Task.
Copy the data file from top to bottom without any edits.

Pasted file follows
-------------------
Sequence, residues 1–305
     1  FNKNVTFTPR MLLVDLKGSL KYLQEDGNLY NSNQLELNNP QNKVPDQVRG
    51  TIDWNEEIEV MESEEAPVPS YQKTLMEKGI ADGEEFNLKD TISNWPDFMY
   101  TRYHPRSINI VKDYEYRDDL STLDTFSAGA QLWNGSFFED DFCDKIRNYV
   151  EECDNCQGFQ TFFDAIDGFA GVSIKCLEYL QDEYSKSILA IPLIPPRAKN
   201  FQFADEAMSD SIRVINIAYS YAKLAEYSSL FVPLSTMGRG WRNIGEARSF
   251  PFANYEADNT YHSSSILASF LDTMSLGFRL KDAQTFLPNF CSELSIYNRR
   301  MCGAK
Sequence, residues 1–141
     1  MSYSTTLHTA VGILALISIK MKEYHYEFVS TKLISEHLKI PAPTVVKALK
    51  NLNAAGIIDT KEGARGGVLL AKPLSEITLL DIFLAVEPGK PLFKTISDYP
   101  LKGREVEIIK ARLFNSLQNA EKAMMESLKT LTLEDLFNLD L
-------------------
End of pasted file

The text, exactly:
Sequence, residues 1–305
     1  FNKNVTFTPR MLLVDLKGSL KYLQEDGNLY NSNQLELNNP QNKVPDQVRG
    51  TIDWNEEIEV MESEEAPVPS YQKTLMEKGI ADGEEFNLKD TISNWPDFMY
   101  TRYHPRSINI VKDYEYRDDL STLDTFSAGA QLWNGSFFED DFCDKIRNYV
   151  EECDNCQGFQ TFFDAIDGFA GVSIKCLEYL QDEYSKSILA IPLIPPRAKN
   201  FQFADEAMSD SIRVINIAYS YAKLAEYSSL FVPLSTMGRG WRNIGEARSF
   251  PFANYEADNT YHSSSILASF LDTMSLGFRL KDAQTFLPNF CSELSIYNRR
   301  MCGAK
Sequence, residues 1–141
     1  MSYSTTLHTA VGILALISIK MKEYHYEFVS TKLISEHLKI PAPTVVKALK
    51  NLNAAGIIDT KEGARGGVLL AKPLSEITLL DIFLAVEPGK PLFKTISDYP
   101  LKGREVEIIK ARLFNSLQNA EKAMMESLKT LTLEDLFNLD L